Many of the artworks show features now long gone or later altered. These include the wooden drum of the South East Dome, built in 1857 to house the Great Equatorial Telescope, and replaced in 1893 by the onion-dome [RGO 116/5/7], the Magnetic Observatory built by Airy and later demolished in 20th century [RGO 116/3/9]; the ‘Great Shed’ (where work was carried out on the various instruments of the Observatory) [RGO 116/5/6]; the Meridian Garden with its trees and beehives [RGO 116/5/7]; or the Elizabethan oak tree, long since fallen [RGO 116/3/3 and RGO 116/3/11]. Some of the drawings and paintings were doubtless made to show off Airy’s renovations or additions. Examples include Christabel Airy’s 1858 painting of the South East Dome (the dome was finished in 1857), and the various views of the new ‘Magnetic Observatory’, many of which were executed soon after its enclosure and completion, e.g. [RGO 116/3/2] and [RGO 116/3/3].

That Airy understood the value of these artworks in documenting this history of the Observatory is clear from his note dated 1869 [RGO 116/4/3], which accompanied an 1836 sketch by Caroline Smith [RGO 116/4/1]. There, he outlines at great length the various changes to the Observatory in the years since the sketch was made.

The Greenwich artworks show how closely familiar the women who made them were with the Observatory buildings and grounds. They also highlight their keen interest in the scientific work carried out there. This is captured, for example, in images of the Magnet House where its various instruments, great electrometer mast, and Magnetic and Photographic Offices are shown, e.g. [RGO 116/5/2], RGO 116/5/6] and [RGO 116/5/9]. It is also evident in scenes of the Astronomer Royal and others at work, e.g. [RGO 6/47: 346a], [RGO 116/3/12] and [RGO 116/5/2]. More intimate moments of Observatory life are captured in the sketches of Airy crossing the Front Court [RGO 116/3/8], deer roaming in Greenwich Park [RGO 116/3/4], or children playing with a dog on the lawn at Flamsteed House [RGO 116/3/7]. Together, these images provide a glimpse of how family life and working life intersected at the 19th century Observatory.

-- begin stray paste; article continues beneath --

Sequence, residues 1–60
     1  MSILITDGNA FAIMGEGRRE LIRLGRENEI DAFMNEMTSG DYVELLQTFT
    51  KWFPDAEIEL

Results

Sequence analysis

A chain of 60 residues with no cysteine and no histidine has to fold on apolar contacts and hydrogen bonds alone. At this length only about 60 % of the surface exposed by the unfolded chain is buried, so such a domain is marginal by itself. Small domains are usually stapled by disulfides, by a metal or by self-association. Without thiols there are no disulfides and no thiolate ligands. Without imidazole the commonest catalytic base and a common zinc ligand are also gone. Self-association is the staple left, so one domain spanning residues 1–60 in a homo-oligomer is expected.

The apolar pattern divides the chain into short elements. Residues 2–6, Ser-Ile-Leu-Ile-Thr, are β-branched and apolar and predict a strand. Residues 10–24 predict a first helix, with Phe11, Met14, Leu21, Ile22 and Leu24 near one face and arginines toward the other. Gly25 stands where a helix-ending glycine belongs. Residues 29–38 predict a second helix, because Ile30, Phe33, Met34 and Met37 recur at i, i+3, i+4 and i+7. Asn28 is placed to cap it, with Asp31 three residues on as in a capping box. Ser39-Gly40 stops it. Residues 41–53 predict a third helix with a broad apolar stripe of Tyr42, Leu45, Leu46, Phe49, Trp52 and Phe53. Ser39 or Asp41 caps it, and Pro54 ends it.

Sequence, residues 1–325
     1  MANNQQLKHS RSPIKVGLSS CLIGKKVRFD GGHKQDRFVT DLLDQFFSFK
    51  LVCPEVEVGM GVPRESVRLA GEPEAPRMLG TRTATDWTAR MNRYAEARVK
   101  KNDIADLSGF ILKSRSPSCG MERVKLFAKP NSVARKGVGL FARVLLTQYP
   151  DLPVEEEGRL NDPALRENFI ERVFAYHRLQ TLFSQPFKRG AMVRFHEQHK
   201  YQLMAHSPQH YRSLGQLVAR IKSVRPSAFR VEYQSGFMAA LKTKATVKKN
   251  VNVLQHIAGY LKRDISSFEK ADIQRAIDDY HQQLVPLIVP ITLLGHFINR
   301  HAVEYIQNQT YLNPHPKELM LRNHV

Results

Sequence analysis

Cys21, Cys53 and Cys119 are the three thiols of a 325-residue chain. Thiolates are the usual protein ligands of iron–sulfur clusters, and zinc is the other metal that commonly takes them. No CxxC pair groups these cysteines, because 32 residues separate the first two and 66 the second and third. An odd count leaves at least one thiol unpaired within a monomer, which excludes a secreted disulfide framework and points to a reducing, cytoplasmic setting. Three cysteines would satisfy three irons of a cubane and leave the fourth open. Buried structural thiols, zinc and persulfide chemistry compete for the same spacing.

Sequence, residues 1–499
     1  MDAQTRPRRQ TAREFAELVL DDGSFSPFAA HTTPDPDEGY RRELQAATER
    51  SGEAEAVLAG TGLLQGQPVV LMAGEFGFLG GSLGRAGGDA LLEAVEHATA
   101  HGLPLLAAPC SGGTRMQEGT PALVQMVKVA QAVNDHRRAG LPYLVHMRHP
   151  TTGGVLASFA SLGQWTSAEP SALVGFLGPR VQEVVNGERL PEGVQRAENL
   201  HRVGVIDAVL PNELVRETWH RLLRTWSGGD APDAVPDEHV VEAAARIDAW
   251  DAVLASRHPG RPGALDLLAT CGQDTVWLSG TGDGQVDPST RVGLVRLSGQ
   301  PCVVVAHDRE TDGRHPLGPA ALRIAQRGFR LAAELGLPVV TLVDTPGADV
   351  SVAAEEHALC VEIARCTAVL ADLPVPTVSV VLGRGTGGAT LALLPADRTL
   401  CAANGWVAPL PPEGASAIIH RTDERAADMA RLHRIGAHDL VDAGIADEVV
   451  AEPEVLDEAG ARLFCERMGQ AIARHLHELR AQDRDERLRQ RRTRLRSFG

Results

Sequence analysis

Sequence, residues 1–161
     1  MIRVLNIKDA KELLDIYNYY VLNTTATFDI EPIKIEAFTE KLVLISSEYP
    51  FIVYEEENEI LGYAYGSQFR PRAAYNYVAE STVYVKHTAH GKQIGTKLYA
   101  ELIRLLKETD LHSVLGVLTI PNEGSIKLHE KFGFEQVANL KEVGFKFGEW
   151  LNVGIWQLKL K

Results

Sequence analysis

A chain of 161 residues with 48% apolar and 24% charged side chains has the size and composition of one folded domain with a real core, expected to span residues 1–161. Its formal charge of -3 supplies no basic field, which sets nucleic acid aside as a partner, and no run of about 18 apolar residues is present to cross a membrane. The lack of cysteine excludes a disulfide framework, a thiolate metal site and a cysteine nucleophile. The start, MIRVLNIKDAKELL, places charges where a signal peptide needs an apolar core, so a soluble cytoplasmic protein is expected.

In this important year for the history of women, 100 years after some women gained the right to vote for the first time, it is fitting to celebrate the work of these women of the Royal Observatory, who so beautifully documented its history.

Find out more

The drawings and watercolours digitised here are part of a wider collection of artworks held within the RGO Archives. To view the catalogues of the RGO Archives click here. For more on the life of Richarda Airy see this video.

 

Dr Emma Saunders

Cambridge University Library